This defeats the purpose of drinking kombucha for its benefits completely!

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Alcohol in Kombucha

There is a small amount of alcohol in all kombucha, even store-bought kombucha. Most of the alcohol is converted into acetic acid and other non-boozy things during fermentation, but it’s not a perfect system. On average, a serving of kombucha contains less than 1% alcohol (which is much less than even a light beer).

Delicious recipes using kombucha

Also called second fermentation kombucha, the kombucha can be flavored with ingredients like ginger, pear, grape, strawberry, lemon, pineapple, orange and other fruits, imparting a new flavor to the drink and adding the benefits of these fruits.

The fruits and other ingredients should be added to the ready-prepared kombucha base, and in this fermentation the drink will become carbonated, resembling a soda.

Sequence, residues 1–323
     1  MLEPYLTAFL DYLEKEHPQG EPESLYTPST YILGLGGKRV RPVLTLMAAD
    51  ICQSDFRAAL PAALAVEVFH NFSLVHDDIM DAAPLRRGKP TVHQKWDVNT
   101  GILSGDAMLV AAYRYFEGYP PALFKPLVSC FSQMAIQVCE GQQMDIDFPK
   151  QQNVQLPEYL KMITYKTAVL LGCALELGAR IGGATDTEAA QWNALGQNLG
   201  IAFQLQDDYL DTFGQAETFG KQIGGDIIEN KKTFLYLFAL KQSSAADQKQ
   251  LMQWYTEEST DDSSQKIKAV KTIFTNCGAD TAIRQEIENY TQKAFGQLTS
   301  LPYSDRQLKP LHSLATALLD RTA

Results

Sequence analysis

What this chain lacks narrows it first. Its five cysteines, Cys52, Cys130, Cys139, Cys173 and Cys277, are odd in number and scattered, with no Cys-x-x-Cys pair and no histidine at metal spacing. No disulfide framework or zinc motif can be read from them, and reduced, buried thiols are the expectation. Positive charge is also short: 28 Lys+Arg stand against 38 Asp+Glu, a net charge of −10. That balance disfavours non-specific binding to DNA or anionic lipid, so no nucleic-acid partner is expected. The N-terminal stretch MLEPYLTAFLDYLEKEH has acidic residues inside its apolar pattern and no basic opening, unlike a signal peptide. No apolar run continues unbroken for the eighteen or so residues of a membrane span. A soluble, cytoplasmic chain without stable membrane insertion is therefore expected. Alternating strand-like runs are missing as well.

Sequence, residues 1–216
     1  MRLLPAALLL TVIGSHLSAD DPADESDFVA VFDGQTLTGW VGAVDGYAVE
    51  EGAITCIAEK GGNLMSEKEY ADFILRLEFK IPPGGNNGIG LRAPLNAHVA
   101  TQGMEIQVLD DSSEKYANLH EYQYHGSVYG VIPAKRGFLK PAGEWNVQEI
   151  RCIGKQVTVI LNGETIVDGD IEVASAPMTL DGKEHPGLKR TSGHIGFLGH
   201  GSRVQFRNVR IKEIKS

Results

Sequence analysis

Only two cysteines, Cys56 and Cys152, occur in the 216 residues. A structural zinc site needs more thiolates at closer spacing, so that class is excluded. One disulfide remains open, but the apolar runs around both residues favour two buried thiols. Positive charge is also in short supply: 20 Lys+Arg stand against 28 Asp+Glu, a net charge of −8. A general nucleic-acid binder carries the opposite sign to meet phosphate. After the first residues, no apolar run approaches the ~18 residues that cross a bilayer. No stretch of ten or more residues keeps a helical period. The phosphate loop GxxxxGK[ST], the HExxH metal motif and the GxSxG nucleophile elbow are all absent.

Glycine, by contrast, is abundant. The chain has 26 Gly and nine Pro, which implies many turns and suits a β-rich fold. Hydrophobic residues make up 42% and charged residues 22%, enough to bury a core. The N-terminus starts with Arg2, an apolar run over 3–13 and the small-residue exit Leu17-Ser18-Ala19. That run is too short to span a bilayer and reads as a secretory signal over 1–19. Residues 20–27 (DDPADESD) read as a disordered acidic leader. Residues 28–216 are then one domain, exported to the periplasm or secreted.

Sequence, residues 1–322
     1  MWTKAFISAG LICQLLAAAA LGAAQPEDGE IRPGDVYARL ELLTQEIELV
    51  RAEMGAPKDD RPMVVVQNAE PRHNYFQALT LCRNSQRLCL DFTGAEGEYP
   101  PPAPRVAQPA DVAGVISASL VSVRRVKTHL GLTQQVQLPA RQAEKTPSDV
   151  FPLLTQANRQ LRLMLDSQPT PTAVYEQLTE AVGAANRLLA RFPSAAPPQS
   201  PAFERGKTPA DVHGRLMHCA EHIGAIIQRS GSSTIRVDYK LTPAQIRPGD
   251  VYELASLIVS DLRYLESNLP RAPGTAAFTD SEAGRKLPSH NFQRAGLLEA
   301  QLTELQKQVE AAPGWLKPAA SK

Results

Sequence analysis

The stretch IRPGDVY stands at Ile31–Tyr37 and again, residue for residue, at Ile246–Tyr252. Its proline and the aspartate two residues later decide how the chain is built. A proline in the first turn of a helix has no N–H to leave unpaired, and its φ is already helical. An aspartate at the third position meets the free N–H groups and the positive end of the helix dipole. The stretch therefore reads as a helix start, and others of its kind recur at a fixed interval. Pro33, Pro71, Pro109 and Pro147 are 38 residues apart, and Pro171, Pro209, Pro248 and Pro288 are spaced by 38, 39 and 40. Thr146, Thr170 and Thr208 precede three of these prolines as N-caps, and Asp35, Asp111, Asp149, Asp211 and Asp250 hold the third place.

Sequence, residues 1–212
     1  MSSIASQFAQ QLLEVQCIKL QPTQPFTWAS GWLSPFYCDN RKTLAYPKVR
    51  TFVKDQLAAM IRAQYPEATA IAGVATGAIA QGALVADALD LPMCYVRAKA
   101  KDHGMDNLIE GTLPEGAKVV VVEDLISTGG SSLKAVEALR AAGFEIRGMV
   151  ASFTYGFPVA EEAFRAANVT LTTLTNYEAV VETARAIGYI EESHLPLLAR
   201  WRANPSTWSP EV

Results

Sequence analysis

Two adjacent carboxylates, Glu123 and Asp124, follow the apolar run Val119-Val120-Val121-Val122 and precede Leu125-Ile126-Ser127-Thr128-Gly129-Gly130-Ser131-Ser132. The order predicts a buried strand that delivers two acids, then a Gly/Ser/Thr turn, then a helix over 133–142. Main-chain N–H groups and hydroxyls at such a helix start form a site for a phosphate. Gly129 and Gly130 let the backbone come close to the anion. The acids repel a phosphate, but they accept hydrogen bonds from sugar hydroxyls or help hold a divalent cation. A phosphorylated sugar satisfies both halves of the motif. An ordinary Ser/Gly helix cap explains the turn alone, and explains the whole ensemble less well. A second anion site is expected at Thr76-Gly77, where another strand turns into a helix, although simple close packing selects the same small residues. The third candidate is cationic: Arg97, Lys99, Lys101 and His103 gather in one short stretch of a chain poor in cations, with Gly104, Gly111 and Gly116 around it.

Kombucha with lemon and ginger

Ingredients:

  • 1.5 liters of kombucha;
  • 3-5 slices of ginger;
  • 1/2 lemon juice;
  • 1.5 L bottle.

Preparation:

Put the ginger slices and the lemon juice in a clean bottle. Add the kombucha to the bottle, filling it well until the bottle is completely full, so that there is no air in it. Cover and let it rest for 3 to 7 days, which is the time required for further fermentation, but in general this flavored beverage will be ready after 5 days of fermentation. However, the drink creates gas quickly and some consumers like its taste after only 24 hours of the second fermentation process.